What makes this case even more despicable is that Tate Publishing strongly touted itself as a Christian organization, using it on their advertising, and even putting Bible quotes on the copyright pages of books it published. “Christians” don’t typically embezzle, extort, or racketeer so I, personally, think the whole “Christian” label may have been a ruse to get authors to sign up with Tate Publishing, implying a false sense of security. But, that’s just my opinion. I’m a Christian, too, but I don’t use my faith to promote my business. I really don’t think God wants his flock using his name to make money.
WHO ELSE HAS SUED TATE?
The following civil cases have been filed against Tate Publishing and/or it’s owners:
Case # CJ-2016-263 –
XEROX v. TATE PUBLISHING AND ENTERPRISES LLC, AND RYAN TATE
Ryan Tate was ordered to pay $450,308.18 + 9% interest per annum. (New filings list the amount as $514,345.53.)
Tate Publishing was ordered to pay $1,446,070.67 + 9% interest per annum. (New filings list the amount as $1,617,363.91.)
A summary judgment for $1,896,137.67 was issued after Tate failed to respond to discovery. That judgment is HERE .
INTERESTING TO NOTE ABOUT THE XEROX CASE:
BancFirst submitted an affidavit to the court under a garnishment summons stating the bank account in question has a balance of only $180.13.
Hmmm… Where did the thousands they collected from authors go?
Case # 5:17-cv-00050 – Breach of Contract
LIGHTNING SOURCE VS. Ryan Tate, Tate Publishing and Enterprises LLC
Read the initial complaint HERE.
A default judgment was entered for Lightning for $1.8 million due to “lack of response” from Tate Publishing.
Case # CJ-2006-35 – PROPERTY DAMAGE
ALBERT J TESIO, WILLIAM TAYLOR JR. AND DAMON CANTRELL, D/B/A T.C.T. DEVELOPMENT V.
RYAN TATE, RITA TATE, RICHARD TATE AND FAMILY SOLUTIONS PUBLISHING INC.
Tate was accused of “knowingly, willfully and recklessly causing severe damage” to property they rented. Tate agreed to pay the plaintiff $15,000.
You can see the judgment HERE.
Case # No. CJ-2015-682 – BREACH OF CONTRACT
BAT-ZION SUSSKIND-SACKS V. TATE PUBLISHING & ENTERPRISES LLC, RYAN TATE INDIVIDUALLY, AND
RICHARD TATE, INDIVIDUALLY
An author paid them $11,970.00. Last update was for Tate’s attorneys withdrawing from the case. (I guess they didn’t get their money, either!)
Read the detailed allegations HERE.
Case # SC-2016-638 – “FAILURE TO DISCLOSE INTENTIONS”
(Incidentally, the judge in this case is the same one who issued the arrest warrants against the Tates last week.)
BRAZELL CARTER II, Plaintiff, v. RICHARD TATE, MARK MINGLE, TATE PUBLISHING,
Tate was sued for $4158.00.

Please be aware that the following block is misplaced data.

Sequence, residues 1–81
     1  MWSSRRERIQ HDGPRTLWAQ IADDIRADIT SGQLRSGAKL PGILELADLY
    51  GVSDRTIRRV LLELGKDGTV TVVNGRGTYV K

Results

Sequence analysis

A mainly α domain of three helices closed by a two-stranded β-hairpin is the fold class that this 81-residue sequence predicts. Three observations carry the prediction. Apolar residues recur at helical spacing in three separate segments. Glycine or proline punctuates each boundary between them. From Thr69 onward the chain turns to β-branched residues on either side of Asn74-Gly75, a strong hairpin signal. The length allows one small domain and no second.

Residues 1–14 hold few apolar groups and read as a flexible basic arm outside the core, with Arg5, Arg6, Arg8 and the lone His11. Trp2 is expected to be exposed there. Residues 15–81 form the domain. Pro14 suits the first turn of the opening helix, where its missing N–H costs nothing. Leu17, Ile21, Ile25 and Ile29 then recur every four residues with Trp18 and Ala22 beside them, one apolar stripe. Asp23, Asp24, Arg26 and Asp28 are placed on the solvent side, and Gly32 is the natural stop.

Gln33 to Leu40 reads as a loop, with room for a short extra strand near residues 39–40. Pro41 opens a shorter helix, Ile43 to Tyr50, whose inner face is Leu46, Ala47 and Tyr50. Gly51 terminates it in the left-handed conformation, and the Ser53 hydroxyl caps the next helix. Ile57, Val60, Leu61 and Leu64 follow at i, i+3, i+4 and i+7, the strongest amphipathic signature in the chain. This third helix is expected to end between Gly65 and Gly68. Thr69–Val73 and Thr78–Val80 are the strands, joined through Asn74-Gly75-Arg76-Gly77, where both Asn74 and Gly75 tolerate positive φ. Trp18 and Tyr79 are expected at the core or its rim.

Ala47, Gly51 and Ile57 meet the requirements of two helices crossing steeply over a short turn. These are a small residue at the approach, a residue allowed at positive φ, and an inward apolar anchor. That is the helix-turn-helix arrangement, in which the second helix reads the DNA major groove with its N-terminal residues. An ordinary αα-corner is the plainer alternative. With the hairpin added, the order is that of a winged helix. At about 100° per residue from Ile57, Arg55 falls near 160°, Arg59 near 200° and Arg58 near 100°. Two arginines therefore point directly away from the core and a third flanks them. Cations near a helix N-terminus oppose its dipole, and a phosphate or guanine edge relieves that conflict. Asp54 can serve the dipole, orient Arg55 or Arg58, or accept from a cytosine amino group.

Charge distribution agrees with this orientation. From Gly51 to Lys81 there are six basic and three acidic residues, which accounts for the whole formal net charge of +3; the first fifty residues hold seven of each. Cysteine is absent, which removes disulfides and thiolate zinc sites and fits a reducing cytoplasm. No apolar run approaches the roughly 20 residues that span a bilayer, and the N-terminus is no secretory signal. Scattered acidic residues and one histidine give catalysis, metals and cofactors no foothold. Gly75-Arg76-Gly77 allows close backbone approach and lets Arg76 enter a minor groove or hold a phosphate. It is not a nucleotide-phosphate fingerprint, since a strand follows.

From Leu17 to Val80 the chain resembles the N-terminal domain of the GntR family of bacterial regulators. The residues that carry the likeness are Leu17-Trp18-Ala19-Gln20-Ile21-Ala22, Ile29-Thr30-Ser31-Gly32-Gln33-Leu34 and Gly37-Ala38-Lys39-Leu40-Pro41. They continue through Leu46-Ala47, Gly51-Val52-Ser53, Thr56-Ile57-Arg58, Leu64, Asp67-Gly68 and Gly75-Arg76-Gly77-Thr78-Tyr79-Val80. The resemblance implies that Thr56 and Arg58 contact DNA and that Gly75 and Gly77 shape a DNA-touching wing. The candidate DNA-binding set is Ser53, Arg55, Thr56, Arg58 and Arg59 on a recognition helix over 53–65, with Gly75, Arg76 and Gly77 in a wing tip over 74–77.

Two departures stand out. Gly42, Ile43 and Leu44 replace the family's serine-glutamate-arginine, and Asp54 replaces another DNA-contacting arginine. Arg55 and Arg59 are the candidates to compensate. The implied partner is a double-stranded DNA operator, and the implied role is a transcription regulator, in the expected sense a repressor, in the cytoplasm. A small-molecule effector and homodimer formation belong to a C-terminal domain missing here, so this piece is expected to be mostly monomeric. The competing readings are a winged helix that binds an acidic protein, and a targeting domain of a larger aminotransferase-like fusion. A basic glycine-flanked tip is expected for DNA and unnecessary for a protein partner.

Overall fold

Case was dismissed because “service of process” was not made upon the defendants within 180 days of the filing.
No. SC-2017-212 – Failure to refund monies paid.
MIKE SMITH, Plaintiff,
A) RICHARD TATE,
B) RITA TATE,
C) RYAN TATE,
D) TATE PUBLISHING & ENTERPRISES,
After the Tates failed to appear in court, they were ordered to pay the plaintiff $900 plus court costs.
You can see the judgment HERE.
And, Tate Publishing also allegedly owes more than $100,000 to its laid off employees in the Philippines.
SO, WHAT’S NEXT?
Richard and Ryan Tate are due back in court in June. The court ordered them to turn over their passports so maybe they won’t flee. Many are wondering how they managed to post bail. We assume they had to borrow it. Do they have assets somewhere that would serve as collateral for that high bail amount? Their victims would love to know about those assets!
We predict that there will, of course, be many more charges filed against them. The initial charges listed above only cover a handful of victims. There are reportedly around 800 more!
We also predict there will be additional arrests. Any spouse, family member, or employee/contractor of Tate Publishing that participated in illegal activities, supported them, or failed to report them deserves to be behind bars, too.
We’ll be watching!!
WHAT CAN TATE AUTHORS DO?
Please CLICK HERE if you want to get your book back on the market FAST.
According to a copy of an email from Richard Tate, which was allegedly sent to some Tate authors shortly after he was bailed out of jail, Tate is now allowing authors to order copies of their books, as well as promotional materials. Hmmm. Seems like the Tates have found a way to keep money coming in for their legal fees!
What author in their right mind would send even MORE money to a company that has (allegedly!) committed all of these crimes?! I definitely do NOT trust these people!
What’s sad is that so many authors may have failed to research Tate’s reputation before signing on with them, or perhaps just ignored all the bad press. That’s never a good idea! There have been numerous complaints about Tate posted online over the years. Some of those are in the links below.
BookLocker Has a Fantastic Offer for Victims of Defunct Tate Publishing (and other firms)! Move to BookLocker for as little as $78! (And, get your book back on the market in as little as 2 weeks.)
About The Author
Angela Hoy is the publisher of WritersWeekly.com, and the co-owner of BookLocker.com (one of the original POD publishers that still gets books to market in less than a month), PubPreppers.com (print and ebook design for authors who truly want to self-publish), and Abuzz Press (the publishing co-op that charges no setup fees).